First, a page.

By Holly Harvey, Mill Creek Communications and Marketing Coordinator.
In response to the opioid crisis, the City of Mill Creek has made training for police officers and first responders a priority. And recently, officers used their training to counteract the effects of opioids.
On Friday, August 4, 2017, Mill Creek Police responded to a welfare check at an apartment complex in the 15500 block of Mill Creek Boulevard.
A 911 caller reported that a friend had sent a text indicating intent to commit suicide followed by a text stating “it’s done.”
When police officers arrived, they received no response at the door. Officers entered the apartment and found a 52-year-old woman unresponsive in bed. They attempted several times to rouse her but she did not respond.
Officers recognized that the woman was near Oxycodone, an opioid-based medication.
After verifying that the woman had a pulse and shallow breathing, Officer Nathan Lerma administered two doses of Naloxone, also known as Narcan, an emergency drug that counteracts the effects of an opioid overdose. Within minutes, she regained consciousness.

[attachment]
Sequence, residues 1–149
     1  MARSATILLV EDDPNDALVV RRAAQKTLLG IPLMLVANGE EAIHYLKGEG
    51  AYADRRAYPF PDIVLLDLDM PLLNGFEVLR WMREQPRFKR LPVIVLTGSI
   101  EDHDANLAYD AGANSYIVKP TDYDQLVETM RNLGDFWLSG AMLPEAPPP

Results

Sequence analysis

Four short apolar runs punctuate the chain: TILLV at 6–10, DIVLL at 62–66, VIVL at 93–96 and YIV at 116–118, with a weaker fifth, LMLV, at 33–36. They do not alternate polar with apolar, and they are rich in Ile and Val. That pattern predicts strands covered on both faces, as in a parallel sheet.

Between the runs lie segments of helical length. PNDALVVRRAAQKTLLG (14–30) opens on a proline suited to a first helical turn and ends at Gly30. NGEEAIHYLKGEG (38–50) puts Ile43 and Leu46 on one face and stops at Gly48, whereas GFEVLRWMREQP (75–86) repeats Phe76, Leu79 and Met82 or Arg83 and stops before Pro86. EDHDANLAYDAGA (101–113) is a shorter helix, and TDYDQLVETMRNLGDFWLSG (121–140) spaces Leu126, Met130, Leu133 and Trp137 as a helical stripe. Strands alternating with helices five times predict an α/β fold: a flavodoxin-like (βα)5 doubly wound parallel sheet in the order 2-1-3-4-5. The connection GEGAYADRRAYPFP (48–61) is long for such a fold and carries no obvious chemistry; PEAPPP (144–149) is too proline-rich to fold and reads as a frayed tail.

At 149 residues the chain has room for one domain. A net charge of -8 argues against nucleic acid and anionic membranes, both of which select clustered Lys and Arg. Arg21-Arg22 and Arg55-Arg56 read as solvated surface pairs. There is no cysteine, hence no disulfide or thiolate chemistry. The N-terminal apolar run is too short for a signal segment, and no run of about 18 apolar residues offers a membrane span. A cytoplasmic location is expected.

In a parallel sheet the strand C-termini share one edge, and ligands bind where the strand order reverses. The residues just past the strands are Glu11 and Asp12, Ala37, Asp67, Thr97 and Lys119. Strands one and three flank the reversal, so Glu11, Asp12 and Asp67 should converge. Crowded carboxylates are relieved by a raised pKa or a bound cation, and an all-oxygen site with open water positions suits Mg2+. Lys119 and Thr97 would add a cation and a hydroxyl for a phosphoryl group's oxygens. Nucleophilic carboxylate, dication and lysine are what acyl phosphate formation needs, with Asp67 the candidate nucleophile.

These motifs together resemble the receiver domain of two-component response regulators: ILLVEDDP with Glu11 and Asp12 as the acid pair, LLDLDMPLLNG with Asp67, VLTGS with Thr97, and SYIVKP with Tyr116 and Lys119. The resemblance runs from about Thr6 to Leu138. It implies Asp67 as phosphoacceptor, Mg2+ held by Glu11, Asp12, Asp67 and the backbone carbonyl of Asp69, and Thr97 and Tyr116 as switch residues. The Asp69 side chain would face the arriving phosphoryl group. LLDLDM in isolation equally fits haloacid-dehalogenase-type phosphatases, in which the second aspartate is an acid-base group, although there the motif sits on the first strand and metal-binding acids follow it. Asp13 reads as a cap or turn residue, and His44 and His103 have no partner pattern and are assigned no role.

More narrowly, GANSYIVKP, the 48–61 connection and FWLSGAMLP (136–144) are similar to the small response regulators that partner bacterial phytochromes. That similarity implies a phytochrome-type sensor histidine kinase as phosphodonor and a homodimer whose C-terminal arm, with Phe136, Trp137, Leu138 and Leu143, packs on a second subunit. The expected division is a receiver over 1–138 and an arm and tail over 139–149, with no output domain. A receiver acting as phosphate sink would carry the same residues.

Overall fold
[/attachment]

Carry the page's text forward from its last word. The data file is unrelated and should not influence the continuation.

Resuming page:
Paramedics arrived to take over treatment, and transported the woman to the hospital. She is currently recovering after receiving additional treatment.
Mill Creek Police Officers were trained in the use and administration of Naloxone by the Snohomish County Human Services Department.
The Mill Creek Police Department has joined allied emergency services agencies in implementing this program in response to the opioid crisis.